My Fellow Toastmasters . . . Public Speaking

In a survey of worst fears, public speaking was second only to death. Many years ago, Dr. Ralph C. Smedley recognized the need to overcome this fear. In October 1924, a group of men led by Dr. Smedley met in the basement of the YMCA in Santa Ana, California. Their purpose? To form an association “to afford practice and training in the art of public speaking and in presiding over meetings, and to promote sociability and good fellowship among its members.” They called themselves “Toastmasters.”

The innovative group was onto something. Soon, men in other communities asked for assistance in forming Toastmasters chapters of their own. By 1930, a federation was necessary to coordinate activities of the many clubs and provide a standard program. When a speaking club in New Westminster, British Columbia, Canada, expressed interest in forming a Toastmasters club, the group became known as Toastmasters International.

Growing Strong
For many years, Toastmasters International met in rented office spaces. In 1962, the Toastmasters International staff moved to its first World Headquarters building in Santa Ana, California, not far from where the first club began. By the late 1980s, however, this building could no longer adequately house the growing staff needed to provide services to the growing number of Toastmasters. In 1990, World Headquarters relocated to a new building in Rancho Santa Margarita. The building is designed to accommodate Toastmasters International’s expected growth well into the 21st century.

On A Roll
Toastmasters International’s success and growth is due to the continued development of educational programs. The organization has come a long way since the first speech manual, Basic Training, was developed more than 50 years ago. The current manual, called the “Communication and Leadership Program,” was updated in 1996. Upon completing all 10 speeches, members may apply for their Competent Toastmaster (CTM) award and choose from any combination of 15 advanced manuals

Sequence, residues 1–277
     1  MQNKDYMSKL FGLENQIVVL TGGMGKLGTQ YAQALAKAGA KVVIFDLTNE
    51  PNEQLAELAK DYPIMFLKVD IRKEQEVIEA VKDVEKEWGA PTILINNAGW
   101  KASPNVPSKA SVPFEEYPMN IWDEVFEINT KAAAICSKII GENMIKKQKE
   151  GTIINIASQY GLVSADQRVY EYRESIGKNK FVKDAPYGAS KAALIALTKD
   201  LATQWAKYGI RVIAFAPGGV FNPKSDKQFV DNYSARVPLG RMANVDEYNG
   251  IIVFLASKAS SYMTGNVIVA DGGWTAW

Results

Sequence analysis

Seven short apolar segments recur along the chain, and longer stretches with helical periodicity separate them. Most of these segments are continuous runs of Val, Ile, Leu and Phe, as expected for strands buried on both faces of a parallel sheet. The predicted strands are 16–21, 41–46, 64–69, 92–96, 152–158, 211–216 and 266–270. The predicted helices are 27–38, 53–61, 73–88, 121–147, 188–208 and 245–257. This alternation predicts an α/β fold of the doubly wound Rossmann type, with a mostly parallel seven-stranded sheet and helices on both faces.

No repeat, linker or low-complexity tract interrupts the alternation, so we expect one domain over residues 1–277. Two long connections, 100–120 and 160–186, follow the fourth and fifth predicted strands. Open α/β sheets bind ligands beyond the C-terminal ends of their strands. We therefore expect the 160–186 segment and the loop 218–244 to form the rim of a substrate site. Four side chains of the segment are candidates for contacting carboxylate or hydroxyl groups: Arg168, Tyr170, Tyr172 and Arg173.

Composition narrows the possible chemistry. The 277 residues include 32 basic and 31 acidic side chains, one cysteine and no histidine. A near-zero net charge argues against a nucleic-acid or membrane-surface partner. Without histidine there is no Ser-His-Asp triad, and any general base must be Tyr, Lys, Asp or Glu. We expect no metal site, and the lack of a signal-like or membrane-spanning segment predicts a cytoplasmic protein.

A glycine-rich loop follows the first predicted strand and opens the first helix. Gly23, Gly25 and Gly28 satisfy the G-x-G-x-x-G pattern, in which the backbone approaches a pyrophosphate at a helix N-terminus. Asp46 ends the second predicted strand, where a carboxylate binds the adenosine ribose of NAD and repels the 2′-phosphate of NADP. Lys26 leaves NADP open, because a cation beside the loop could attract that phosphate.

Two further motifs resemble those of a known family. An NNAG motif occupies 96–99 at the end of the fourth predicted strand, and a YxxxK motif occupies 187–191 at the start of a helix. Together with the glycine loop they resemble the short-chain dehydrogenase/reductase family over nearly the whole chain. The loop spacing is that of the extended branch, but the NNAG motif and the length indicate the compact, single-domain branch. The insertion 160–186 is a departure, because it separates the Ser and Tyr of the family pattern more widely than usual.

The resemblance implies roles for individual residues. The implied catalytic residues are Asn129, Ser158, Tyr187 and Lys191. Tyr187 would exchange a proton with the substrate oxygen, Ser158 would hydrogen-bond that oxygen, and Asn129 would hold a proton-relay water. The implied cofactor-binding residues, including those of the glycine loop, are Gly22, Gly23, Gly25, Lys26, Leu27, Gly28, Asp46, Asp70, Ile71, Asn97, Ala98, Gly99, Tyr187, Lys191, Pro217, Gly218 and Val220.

. Options For Learning

Educational materials are wide ranging. They include the Success/Leadership and Success/Communication Series, The Better Speaker Series, and the High Performance Leadership Program. The education system includes both a communication track and a leadership track. The communication track award progression features the CTM, Advanced Toastmaster Bronze (ATM-B), Advanced Toastmaster Silver (ATM-S), and Advanced Toastmaster Gold (ATM-G); the leadership track award progression includes Competent Leader (CL) and Advanced Leader (AL). The Distinguished Toastmaster (DTM) remains the highest award.

In addition, members receive a monthly publication, The Toastmaster magazine. Club and district officers also receive a bimonthly publication, TIPS, and district officers receive a District Newsletter each month. Toastmasters International is the undisputed world leader in public speaking training. Currently, there are over 8,800 clubs with memberships of more than 175,000 members in 70 countries. In the years to come, more people will benefit from Toastmasters leadership and education. Opportunities at the area and district levels enable members to reach for their dreams.

Dispelling The Myths
As with anything else, there are myths regarding Toastmasters. In order to gain a better understanding of the organization and purpose, myths must be dispelled from the realities. According to a University of Tennessee chapter, some of the most common myths are:

I don’t need Toastmasters because I have been giving presentations for years. You are probably using the same techniques you started with. For experienced speakers, Toastmasters provides methods to expand and modernize presentation style. Presenters will get honest feedback about style and constructive suggestions for alternative techniques.